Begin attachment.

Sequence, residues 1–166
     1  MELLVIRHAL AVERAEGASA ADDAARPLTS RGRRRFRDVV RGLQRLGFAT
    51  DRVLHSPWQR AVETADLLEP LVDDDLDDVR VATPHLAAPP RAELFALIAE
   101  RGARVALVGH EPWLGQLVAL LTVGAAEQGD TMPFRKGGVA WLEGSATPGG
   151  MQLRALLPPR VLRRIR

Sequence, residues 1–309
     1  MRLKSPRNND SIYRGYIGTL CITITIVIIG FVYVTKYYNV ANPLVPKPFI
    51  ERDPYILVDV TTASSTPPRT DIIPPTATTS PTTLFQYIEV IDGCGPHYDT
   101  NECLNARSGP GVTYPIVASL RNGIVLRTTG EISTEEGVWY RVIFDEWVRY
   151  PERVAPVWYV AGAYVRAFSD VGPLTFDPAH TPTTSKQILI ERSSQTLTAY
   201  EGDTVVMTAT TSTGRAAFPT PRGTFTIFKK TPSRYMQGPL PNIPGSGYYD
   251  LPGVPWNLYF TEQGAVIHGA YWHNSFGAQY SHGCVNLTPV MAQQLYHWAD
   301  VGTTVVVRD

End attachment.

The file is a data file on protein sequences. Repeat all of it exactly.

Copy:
Sequence, residues 1–166
     1  MELLVIRHAL AVERAEGASA ADDAARPLTS RGRRRFRDVV RGLQRLGFAT
    51  DRVLHSPWQR AVETADLLEP LVDDDLDDVR VATPHLAAPP RAELFALIAE
   101  RGARVALVGH EPWLGQLVAL LTVGAAEQGD TMPFRKGGVA WLEGSATPGG
   151  MQLRALLPPR VLRRIR

Sequence, residues 1–309
     1  MRLKSPRNND SIYRGYIGTL CITITIVIIG FVYVTKYYNV ANPLVPKPFI
    51  ERDPYILVDV TTASSTPPRT DIIPPTATTS PTTLFQYIEV IDGCGPHYDT
   101  NECLNARSGP GVTYPIVASL RNGIVLRTTG EISTEEGVWY RVIFDEWVRY
   151  PERVAPVWYV AGAYVRAFSD VGPLTFDPAH TPTTSKQILI ERSSQTLTAY
   201  EGDTVVMTAT TSTGRAAFPT PRGTFTIFKK TPSRYMQGPL PNIPGSGYYD
   251  LPGVPWNLYF TEQGAVIHGA YWHNSFGAQY SHGCVNLTPV MAQQLYHWAD
   301  VGTTVVVRD